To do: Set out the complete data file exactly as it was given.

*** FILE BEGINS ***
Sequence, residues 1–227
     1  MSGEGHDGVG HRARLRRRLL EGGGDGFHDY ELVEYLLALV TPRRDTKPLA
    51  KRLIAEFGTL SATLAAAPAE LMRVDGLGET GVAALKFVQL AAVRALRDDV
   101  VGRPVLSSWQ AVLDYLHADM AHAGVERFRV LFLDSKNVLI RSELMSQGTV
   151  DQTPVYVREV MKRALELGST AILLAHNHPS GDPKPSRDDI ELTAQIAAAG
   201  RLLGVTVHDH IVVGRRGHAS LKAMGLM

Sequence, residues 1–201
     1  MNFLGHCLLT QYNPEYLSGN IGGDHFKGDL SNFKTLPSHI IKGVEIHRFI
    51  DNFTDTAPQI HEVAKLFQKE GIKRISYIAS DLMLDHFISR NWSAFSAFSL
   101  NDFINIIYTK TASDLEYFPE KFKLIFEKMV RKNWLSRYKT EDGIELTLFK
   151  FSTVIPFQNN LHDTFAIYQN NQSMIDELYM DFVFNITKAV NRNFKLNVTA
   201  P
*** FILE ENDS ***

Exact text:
Sequence, residues 1–227
     1  MSGEGHDGVG HRARLRRRLL EGGGDGFHDY ELVEYLLALV TPRRDTKPLA
    51  KRLIAEFGTL SATLAAAPAE LMRVDGLGET GVAALKFVQL AAVRALRDDV
   101  VGRPVLSSWQ AVLDYLHADM AHAGVERFRV LFLDSKNVLI RSELMSQGTV
   151  DQTPVYVREV MKRALELGST AILLAHNHPS GDPKPSRDDI ELTAQIAAAG
   201  RLLGVTVHDH IVVGRRGHAS LKAMGLM

Sequence, residues 1–201
     1  MNFLGHCLLT QYNPEYLSGN IGGDHFKGDL SNFKTLPSHI IKGVEIHRFI
    51  DNFTDTAPQI HEVAKLFQKE GIKRISYIAS DLMLDHFISR NWSAFSAFSL
   101  NDFINIIYTK TASDLEYFPE KFKLIFEKMV RKNWLSRYKT EDGIELTLFK
   151  FSTVIPFQNN LHDTFAIYQN NQSMIDELYM DFVFNITKAV NRNFKLNVTA
   201  P